spoiler alert: this article looks at key scenes from the film.
jc chandor has adopted rahm emanuel’s saying “never let a serious crisis go to waste”. The 37-year-old writer-director used the financial crisis as a springboard to create the most insightful Wall Street movie ever made. Margin Call captures a day in the life of a bank as Lehman Brothers as it strives to avoid falling into the early cracks of the financial crisis. With a brisk pace and wonderful acting, the film reveals how large financial institutions operate and the motivations of the people who work in them.
the call to the side should not be confused with journalism. it is not an accurate overlay of the financial crisis. you will never hear the words collateralized debt obligations uttered in the movie. As the reporting I did with my colleague Jesse Eisinger showed, the Wall Street behavior that helped create the financial crisis was often much worse than what was depicted on film. Chandor is not looking for villains or long explanations. it is extracting deeper truths than the complexities of credit default swaps. the social costs of high finance, the power of self-rationalization, and the easy acceptance of personal corruption is his turf.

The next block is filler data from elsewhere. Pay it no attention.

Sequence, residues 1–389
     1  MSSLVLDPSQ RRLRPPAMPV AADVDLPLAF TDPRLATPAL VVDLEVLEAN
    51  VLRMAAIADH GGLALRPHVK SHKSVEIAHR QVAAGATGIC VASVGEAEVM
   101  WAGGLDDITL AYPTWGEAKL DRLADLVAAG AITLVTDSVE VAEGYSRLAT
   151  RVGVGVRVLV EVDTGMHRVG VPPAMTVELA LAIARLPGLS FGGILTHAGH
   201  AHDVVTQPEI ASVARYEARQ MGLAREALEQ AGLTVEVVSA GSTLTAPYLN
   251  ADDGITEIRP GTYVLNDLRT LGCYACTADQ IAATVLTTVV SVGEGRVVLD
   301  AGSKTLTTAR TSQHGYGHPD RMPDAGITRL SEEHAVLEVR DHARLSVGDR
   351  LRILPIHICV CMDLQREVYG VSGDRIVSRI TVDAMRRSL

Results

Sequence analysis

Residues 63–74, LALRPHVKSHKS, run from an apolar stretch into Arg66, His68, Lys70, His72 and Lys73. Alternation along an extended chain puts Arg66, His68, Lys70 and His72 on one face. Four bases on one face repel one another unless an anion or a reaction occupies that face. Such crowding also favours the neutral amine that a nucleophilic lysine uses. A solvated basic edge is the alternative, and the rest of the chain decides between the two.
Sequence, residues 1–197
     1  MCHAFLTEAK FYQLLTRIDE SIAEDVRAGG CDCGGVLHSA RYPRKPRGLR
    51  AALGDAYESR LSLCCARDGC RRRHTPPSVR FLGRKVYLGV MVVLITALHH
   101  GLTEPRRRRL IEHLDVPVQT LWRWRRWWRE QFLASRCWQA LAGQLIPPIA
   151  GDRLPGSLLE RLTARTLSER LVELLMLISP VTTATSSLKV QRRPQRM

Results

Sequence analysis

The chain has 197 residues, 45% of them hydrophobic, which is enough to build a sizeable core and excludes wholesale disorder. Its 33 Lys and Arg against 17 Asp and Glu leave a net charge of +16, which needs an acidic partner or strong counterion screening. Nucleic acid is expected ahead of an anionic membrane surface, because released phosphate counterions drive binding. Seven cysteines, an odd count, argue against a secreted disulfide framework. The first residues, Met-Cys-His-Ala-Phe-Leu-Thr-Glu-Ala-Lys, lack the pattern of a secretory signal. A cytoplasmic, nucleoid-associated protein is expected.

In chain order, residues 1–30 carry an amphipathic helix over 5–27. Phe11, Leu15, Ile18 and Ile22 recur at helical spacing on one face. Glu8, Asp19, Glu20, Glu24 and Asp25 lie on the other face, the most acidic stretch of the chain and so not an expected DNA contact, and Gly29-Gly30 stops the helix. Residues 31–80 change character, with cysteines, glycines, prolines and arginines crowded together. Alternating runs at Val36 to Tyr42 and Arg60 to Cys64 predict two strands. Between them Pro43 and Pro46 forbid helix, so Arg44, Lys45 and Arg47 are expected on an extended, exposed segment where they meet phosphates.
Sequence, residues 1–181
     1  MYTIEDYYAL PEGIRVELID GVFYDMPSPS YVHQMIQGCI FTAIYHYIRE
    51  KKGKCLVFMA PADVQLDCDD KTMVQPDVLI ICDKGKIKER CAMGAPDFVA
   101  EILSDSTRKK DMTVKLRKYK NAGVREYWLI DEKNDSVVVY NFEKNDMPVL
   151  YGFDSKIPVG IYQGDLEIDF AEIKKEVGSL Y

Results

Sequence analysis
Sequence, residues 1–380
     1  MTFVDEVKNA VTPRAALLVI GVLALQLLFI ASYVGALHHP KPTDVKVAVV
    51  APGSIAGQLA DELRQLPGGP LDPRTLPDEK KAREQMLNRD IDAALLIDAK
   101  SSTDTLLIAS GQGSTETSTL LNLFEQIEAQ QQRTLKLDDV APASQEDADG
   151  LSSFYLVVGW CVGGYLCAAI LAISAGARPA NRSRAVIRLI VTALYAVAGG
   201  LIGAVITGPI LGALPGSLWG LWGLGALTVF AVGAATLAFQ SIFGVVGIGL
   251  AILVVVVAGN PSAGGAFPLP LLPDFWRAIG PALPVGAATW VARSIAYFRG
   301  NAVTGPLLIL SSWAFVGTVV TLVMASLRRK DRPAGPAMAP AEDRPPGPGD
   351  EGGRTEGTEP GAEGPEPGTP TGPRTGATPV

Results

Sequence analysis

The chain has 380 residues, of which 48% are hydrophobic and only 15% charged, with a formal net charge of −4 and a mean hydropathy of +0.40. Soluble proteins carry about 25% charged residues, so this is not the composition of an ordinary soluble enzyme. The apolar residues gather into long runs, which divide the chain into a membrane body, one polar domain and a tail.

As reporters covering the subject know, Wall Street is a reluctant participant in introspection. investigative journalists on the street have to pierce a code of omertà, born of fear of lawsuits and federal investigations. No one wants a reputation for being a whistleblower in an industry where hiring and bonuses are based as much on relationships as quarterly results. the truth is even stricter when it hides the origins of financial disaster, but even in the best of cases, these are not, by nature, navel-gazers. traders and market makers are like sharks, always wanting to move on, to the next deal. there is no percentage in looking back.
Everything you need to know about the moral universe Margin Call inhabits is shown in the opening scene of the film. the recession has started. the firing squad, represented by two women in identical business suits, arrives on the floor followed by subordinates carrying cardboard boxes to remove their personal effects. When they appear, a series of quick reactions play out on the face of Will Emerson, a senior merchant played brilliantly by Paul Bettany. first fear. then dismay. and finally, relief and dismissal. After 80 percent of the floor is removed, Emerson’s boss Sam, a Wan Kevin Spacey, gives a pep talk to the remaining merchants standing. “They were good. You are better. Now they are gone. You must not think of them again.”